Society must do better. I know that Finland, a few years back, started to try to tackle disinformation in wider society (See “How Finland is fighting fake news – in the classroom“):

The US and the UK sorely need this approach.

I will invoke Brandolini’s Law again in complaining that, when I try to debunk the splurge of disinformation my interlocutors spread on Facebook concerning Trump and the election, it takes me inordinately more time to do so than the person casually posting a link and attaching some pithy pro-Trump comment. This is the problem: truth takes more work. Substantiating one’s claims is a tiring, time-consuming business.

Biden has won the election and will be inaugurated as President but right-wing populism is winning the war, the war that has irrevocably damaged public discourse. What we do now is vital to keep alive the hopes of those most interested in truth and accuracy and keeping at bay the insidious forces of authoritarian populism, the wolf in sheep’s clothing. It’s just that, sometimes, it feels like being King Canute showing humility against the inexorable power of the tide.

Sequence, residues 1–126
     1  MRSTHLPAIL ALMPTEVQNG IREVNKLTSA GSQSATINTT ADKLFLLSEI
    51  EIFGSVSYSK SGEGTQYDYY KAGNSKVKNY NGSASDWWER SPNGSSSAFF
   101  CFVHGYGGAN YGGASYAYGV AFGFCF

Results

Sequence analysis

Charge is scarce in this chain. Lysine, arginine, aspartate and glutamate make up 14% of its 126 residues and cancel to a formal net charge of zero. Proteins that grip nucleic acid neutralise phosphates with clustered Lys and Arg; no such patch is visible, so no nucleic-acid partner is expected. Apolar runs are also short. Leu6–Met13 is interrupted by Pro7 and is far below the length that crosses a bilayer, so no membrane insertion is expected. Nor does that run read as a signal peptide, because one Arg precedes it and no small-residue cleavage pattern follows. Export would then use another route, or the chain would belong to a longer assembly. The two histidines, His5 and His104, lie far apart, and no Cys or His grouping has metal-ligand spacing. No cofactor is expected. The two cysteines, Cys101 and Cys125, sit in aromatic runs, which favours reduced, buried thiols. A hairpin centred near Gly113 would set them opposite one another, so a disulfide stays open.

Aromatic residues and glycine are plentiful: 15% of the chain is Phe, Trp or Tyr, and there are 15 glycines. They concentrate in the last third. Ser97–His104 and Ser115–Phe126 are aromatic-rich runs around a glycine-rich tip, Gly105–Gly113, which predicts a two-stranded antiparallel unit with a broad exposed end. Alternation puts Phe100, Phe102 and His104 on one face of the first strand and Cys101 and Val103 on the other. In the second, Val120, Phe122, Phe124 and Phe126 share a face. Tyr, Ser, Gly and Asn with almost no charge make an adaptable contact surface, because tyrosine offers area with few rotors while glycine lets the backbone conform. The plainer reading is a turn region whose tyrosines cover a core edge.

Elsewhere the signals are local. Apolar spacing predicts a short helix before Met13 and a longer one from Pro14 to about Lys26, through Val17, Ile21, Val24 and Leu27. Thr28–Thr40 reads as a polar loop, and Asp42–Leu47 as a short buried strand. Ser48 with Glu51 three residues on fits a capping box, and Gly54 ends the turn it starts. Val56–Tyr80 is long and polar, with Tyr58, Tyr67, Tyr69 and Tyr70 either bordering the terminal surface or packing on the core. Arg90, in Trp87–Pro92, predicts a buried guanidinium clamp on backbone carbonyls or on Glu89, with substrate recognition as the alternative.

Give me hope, America, give me hope. After all, though the tide comes in, it also recedes.

Checks and balances. Oh, the importance of checks and balances.